Both artists in the current show at the Hastings Art Forum present an impressive mix of painting and sculpture. Robin Holtom’s seven sculptures of dancers and nude female figures are cast in bronze or ingeniously made from plaster reworked and painted to give the surface appearance of bronze. The exception is a white plaster head between two mostly white drawings, themselves exceptions to this show's rather beautifully coloured rule.
The almost exclusive use of darker toned blues, purples, oranges and greens creates an atmosphere of restfulness and stillness in this gallery that also emanates from the buildings and figures in each of the compositions. Skylines at sundown have an early evening hush while the natural and reflected abstracts of Venetian architecture are shaped into blocks and lines of colour.
Groups of female figures and dancers are composed without physical detail which gives them a slightly ghostly but still sculptural quality. When there is an occasional hint of movement it is slow, gentle and considered. Using combinations of the same colours to depict hard surfaces like walls and steps in one piece, alongside the soft surfaces of the human body in another, is a lovely juxtaposition completed by the seamless transmutation of the human form into bronze.
Michael Wilson’s sculptures are very different in style, subject and substance. Made of light coloured stone, each depicts a biblical story or figure. Surfaces are smoothly worked and the solidity and suggestion of weight gives each piece a strong and captivating presence. The colour and work in the stone is enhanced by the bright airiness of the landscapes around it.
Michael Wilson lives locally and the majority of the paintings are recognisable Sussex landmarks, views or rural scenes. Many are perfectly executed with a scale and perspective of somebody moving through the scene depicted. This is particularly effective in the paintings of the Seven Sisters, the view from West Hill and some of the rural scenes. Trees also feature strongly in many of the paintings and I particularly liked the almost electric blue of the trees in ‘Out of the Valley’.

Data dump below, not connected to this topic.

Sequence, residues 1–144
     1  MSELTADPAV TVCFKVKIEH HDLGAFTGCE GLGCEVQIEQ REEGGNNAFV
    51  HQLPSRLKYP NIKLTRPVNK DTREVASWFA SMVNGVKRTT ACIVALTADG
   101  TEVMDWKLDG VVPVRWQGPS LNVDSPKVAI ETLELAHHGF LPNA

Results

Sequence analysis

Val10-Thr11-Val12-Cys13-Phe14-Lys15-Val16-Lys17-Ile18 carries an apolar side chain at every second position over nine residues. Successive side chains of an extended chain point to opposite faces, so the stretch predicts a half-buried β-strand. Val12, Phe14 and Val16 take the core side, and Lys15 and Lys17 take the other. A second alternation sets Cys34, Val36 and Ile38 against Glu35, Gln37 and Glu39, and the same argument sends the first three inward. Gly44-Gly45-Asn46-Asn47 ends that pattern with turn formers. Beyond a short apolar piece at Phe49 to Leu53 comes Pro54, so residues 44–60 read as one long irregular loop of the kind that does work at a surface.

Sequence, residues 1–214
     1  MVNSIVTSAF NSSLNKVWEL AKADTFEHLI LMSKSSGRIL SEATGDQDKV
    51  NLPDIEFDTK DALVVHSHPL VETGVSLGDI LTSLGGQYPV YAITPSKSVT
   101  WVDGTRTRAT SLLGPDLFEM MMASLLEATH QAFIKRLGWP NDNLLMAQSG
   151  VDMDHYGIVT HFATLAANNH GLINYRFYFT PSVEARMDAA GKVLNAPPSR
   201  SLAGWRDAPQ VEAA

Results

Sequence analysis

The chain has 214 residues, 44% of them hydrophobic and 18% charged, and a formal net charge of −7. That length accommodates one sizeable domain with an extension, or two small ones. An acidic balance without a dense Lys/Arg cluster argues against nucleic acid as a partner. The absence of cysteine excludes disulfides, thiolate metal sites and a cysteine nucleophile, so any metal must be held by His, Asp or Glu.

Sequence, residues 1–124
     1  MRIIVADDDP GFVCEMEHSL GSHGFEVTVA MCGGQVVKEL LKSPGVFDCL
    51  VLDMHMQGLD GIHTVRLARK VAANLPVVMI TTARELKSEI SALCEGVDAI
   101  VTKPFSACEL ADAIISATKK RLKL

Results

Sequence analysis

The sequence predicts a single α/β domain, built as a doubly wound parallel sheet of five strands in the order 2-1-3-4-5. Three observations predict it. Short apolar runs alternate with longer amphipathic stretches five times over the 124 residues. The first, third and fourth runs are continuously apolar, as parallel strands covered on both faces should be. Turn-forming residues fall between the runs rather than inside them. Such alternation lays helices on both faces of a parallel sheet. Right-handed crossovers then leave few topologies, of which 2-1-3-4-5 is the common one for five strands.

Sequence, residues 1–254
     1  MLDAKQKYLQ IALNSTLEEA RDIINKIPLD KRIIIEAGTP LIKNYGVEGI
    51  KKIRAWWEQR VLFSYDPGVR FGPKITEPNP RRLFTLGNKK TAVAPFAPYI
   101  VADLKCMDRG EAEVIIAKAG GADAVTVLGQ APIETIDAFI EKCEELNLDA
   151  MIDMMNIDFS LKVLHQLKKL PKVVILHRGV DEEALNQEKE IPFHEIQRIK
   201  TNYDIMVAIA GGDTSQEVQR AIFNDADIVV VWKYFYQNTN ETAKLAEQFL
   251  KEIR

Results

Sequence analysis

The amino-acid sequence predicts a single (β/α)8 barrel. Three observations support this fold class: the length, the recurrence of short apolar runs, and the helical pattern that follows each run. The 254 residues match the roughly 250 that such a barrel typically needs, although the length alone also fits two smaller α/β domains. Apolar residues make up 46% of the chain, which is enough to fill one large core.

However, there is a very strange anomaly in Michael Wilson’s exhibition. Displayed on the end wall is a five piece asymmetric panel depicting the story of Oedipus. Although foundational Greek myths are perhaps a natural historical companion to biblical scenes, the work itself lacks any harmony with the other paintings in the room. It is almost as if a less accomplished artist sneaked into the gallery and installed it when nobody was looking. Incongruity can be interesting but here it detracts attention from the rest of the work which is unfortunate.
The predominant focus of Michael Wilson's paintings also restricts the colour palette but the lighter, brighter and more expansive feel is a perfect complement to Robin Holtom’s minimal colour range next door. There is a link also in Michael Wilson’s pastel studies of nudes, one of which is a female figure reclining in similar pose to one of Robin Holtom’s sculptures. The differences and the similarities in these two shows communicate much about how art is both created and viewed. Each of the artists in this show are mostly painting or modelling a place, a person or a scene that they have observed or are observing. The experience of the audience is that the viewer remains the intimate observer in Robin Holtom’s work whereas it is possible to almost step inside the paintings of Michael Wilson.
Such combinations of 3D and 2D work in one space are always very satisfying to view. They make the exhibition more interesting to navigate and the visual interaction between the two can create other unexpected observational delights.
Robin Holtom and Michael Wilson
Hastings Art Forum
August 23rd - September 4th 2016
Private View Friday 26th August